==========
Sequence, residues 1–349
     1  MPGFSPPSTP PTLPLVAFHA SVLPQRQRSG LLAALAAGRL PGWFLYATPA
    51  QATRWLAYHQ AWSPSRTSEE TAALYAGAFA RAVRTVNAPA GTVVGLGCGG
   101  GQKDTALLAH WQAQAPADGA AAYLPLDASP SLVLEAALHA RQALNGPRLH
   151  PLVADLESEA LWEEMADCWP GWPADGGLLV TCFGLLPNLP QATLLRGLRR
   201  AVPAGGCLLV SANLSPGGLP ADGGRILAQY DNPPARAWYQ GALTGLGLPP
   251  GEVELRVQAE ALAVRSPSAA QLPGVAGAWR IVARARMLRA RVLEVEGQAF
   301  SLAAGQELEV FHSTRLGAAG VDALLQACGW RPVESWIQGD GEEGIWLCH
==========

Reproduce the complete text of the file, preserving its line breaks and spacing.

Sequence, residues 1–349
     1  MPGFSPPSTP PTLPLVAFHA SVLPQRQRSG LLAALAAGRL PGWFLYATPA
    51  QATRWLAYHQ AWSPSRTSEE TAALYAGAFA RAVRTVNAPA GTVVGLGCGG
   101  GQKDTALLAH WQAQAPADGA AAYLPLDASP SLVLEAALHA RQALNGPRLH
   151  PLVADLESEA LWEEMADCWP GWPADGGLLV TCFGLLPNLP QATLLRGLRR
   201  AVPAGGCLLV SANLSPGGLP ADGGRILAQY DNPPARAWYQ GALTGLGLPP
   251  GEVELRVQAE ALAVRSPSAA QLPGVAGAWR IVARARMLRA RVLEVEGQAF
   301  SLAAGQELEV FHSTRLGAAG VDALLQACGW RPVESWIQGD GEEGIWLCH